Dr. Dominic Assimaki is an assistant professor in the School of Civil and Environmental Engineering at Georgia Tech who traveled to Chile after the devastating 8.8MB earthquake on February 12, 2010. Dr. Assimaki is a member of the Geo‐engineering Extreme Events Reconnaissance (GEER) organization, a group of experts dedicated to developing a systematic approach to conduct NSF‐sponsored reconnaissance efforts of the geotechnical effects of extreme events. GEER focuses on collecting data from post‐earthquake reconnaissance to support advancements in research, the state‐of‐the art, and the state‐of‐practice of geotechnical earthquake engineering.
Working with the second team sent in by GEER (Team B), Assimaki and colleagues were responsible for documenting geotechnical failure case studies. Her team's documentation was based on the observations and recommendations of the advance team, Team A.
Team B was lead by Jonathan Bray (UC Berkeley) and included Tara Hutchinson (UC San Diego), Pedro Arduino (University of Washington), Jonathan Stewart (UC Los Angeles), George Mylonakis (University of Patras, Greece), Kyle Rollins (Briham Young University), Laurie Johnson (Johnson Consulting, San Francisco), Rob Witter (USGS), as well as Dominic Assimaki. Team members worked in collaboration with Professor Ramon Verdugo (Universidad de Chile), Professor Christian Ledezma (Pontifica Universidad Catolica de Chile), and Dr. Terry Eldridge (Golder Associates). Additional members of the team included Chilean civil engineering students who assisted with navigation across the country and translation with locals and authorities.
Team B was divided into three groups after arriving in Santiago on March 13. CEE Professor David Frost briefed team members on the reconnaissance results of Team A. The next day, Assimaki's group visited Ciudad Empresiarial, a neighborhood located north of Santiago that includes many newly constructed, high‐rise buildings and five damaged bridges on the ring highway around the city (Avenue Americo Vespucio). Other sites included the port of San Antonio, and Vina del Mar, a coastal summer resort north of Santiago. On day two, the team traveled to the port of Valparaiso, which is located south of Vina del Mar. At this site, they were able to complete documentation of damage in this resort town.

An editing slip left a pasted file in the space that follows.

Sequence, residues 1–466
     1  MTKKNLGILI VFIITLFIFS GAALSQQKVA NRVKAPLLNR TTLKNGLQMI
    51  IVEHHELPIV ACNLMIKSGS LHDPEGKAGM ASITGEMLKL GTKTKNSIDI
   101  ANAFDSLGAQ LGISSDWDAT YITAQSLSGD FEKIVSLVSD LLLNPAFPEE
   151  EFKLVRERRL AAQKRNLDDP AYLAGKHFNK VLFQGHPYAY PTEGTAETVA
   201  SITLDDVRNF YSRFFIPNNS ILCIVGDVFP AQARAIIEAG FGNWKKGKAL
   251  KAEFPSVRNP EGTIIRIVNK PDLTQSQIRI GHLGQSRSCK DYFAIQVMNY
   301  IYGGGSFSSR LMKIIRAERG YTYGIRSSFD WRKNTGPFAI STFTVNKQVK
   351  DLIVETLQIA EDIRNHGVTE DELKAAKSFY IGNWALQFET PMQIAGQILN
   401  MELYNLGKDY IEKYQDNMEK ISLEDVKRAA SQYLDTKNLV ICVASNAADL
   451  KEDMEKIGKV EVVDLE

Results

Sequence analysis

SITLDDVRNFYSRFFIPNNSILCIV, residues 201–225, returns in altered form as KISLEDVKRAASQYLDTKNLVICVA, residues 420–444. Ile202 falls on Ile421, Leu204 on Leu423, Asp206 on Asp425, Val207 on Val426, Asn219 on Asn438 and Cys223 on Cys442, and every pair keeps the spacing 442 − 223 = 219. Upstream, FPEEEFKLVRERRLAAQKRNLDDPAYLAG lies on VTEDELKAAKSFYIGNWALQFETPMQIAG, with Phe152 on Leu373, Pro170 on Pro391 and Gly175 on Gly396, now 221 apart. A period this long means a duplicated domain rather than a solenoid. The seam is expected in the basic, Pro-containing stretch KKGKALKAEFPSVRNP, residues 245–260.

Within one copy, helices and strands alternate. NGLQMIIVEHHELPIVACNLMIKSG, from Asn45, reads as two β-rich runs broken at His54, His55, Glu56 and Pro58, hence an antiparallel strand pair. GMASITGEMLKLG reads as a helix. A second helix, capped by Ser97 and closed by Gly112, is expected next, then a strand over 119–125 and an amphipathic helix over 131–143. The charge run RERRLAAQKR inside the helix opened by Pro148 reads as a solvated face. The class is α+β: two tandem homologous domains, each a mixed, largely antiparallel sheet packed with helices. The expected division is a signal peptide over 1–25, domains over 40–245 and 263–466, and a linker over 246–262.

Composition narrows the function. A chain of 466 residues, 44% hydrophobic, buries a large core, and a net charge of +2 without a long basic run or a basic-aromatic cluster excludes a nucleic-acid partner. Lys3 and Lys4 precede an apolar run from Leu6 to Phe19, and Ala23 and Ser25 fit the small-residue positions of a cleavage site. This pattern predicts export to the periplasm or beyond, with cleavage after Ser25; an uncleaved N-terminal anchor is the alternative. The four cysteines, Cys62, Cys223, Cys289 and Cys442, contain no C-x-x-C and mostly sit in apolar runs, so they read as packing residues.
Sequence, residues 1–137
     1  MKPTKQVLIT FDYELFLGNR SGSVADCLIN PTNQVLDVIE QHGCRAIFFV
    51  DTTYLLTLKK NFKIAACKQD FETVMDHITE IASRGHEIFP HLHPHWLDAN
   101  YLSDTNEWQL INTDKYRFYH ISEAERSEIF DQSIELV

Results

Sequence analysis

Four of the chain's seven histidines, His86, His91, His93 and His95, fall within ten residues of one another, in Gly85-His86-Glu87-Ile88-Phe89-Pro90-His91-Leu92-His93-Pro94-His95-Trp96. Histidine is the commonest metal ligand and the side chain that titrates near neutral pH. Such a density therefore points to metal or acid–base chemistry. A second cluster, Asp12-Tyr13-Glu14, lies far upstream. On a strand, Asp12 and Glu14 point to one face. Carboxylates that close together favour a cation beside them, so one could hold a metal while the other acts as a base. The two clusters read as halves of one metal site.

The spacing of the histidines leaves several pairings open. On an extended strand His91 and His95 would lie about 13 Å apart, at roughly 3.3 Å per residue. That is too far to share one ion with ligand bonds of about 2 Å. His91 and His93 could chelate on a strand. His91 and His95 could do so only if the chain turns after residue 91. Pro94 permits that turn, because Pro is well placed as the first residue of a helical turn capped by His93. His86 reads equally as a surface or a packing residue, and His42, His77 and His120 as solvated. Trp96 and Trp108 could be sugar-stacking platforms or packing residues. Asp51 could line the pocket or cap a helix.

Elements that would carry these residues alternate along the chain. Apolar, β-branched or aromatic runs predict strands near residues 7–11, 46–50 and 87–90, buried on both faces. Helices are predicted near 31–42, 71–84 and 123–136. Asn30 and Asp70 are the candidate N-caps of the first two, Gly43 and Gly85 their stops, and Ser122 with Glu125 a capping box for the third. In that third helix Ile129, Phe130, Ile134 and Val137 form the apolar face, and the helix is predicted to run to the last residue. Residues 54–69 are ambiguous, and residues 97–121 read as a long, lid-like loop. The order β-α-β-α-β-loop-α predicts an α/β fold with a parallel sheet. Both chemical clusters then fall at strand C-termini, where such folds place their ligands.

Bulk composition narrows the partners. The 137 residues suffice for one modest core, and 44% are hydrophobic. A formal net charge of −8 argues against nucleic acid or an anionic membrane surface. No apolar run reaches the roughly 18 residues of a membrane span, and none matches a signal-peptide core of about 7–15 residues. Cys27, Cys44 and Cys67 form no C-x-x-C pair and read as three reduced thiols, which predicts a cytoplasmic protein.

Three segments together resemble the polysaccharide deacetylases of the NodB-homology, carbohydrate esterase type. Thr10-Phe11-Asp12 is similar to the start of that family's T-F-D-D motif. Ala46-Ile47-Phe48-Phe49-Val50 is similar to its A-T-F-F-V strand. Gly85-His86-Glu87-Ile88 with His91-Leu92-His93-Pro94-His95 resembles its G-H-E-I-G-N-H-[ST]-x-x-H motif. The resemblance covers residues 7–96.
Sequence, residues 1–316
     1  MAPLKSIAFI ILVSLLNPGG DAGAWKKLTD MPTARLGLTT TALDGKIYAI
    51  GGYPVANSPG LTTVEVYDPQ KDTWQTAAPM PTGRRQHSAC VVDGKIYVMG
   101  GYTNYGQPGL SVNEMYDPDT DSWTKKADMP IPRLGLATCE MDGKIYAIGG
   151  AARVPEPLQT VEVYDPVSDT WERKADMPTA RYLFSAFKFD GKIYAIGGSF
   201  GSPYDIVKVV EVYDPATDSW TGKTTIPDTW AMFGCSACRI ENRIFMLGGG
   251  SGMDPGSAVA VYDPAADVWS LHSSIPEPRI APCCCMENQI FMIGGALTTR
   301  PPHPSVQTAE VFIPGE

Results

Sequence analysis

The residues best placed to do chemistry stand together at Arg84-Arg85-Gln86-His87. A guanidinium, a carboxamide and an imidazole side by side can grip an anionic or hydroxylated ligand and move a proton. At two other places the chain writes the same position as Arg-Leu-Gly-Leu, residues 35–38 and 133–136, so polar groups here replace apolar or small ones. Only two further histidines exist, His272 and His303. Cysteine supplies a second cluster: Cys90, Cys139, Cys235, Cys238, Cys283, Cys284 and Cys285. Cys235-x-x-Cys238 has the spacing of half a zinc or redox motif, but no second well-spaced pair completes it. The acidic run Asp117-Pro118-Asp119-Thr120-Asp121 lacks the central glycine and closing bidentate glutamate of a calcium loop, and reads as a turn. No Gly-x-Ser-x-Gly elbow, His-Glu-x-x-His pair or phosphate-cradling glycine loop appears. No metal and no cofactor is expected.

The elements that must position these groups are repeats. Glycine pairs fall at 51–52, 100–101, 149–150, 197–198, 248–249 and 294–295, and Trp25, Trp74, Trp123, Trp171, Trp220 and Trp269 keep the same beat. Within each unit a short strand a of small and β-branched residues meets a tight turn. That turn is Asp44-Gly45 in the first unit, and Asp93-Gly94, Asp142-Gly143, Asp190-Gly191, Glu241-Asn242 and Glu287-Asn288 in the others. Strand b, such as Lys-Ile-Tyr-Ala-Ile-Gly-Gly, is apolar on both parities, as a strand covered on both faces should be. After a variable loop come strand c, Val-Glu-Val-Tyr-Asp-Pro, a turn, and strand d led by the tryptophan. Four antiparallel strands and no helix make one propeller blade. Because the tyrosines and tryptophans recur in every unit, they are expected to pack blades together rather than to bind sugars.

On the third day, Team B traveled south along Hwy 5 to document the extensive damage to bridges, embankments, and railroad overpasses (as seen in Photo 1). On Mar 17, the group headed south of Conception to the port of Coronel. This site incurred much more extensive damage than the previous locations due to its location closer to the epicenter (Photo 2). After carefully documenting the damage in this area, the team continued to move south, past the town of Lota, to the coastal town of Arauco where the tsunami caused extensive damage (Photo 3). The team continued to document damage as far south as Tupal where they evaluated a bridge site with critical damage (Photo 4). The team's last day in the field was spent in Talca, where the epicenter occurred. According the Assimaki, the extent of damage was unyielding.
The data collected by GEER Teams A and B will be readily used for the assessment of established numerical models/procedures and building code provisions. In addition, it will lead to improvements in the understanding and predictive tools designed and used to mitigate hazard and reduce risk from future earthquakes. The GEER Association is dedicated to developing a systematic approach to conduct NSFsponsored reconnaissance efforts of the geotechnical effects of extreme events.
GEER focuses on collecting data from post‐earthquake reconnaissance in an effort to support advancements in research, the state‐of‐the art, and the state‐of‐practice of geotechnical earthquake engineering.
For additional information, visit http://www.geoquake.gatech.edu/.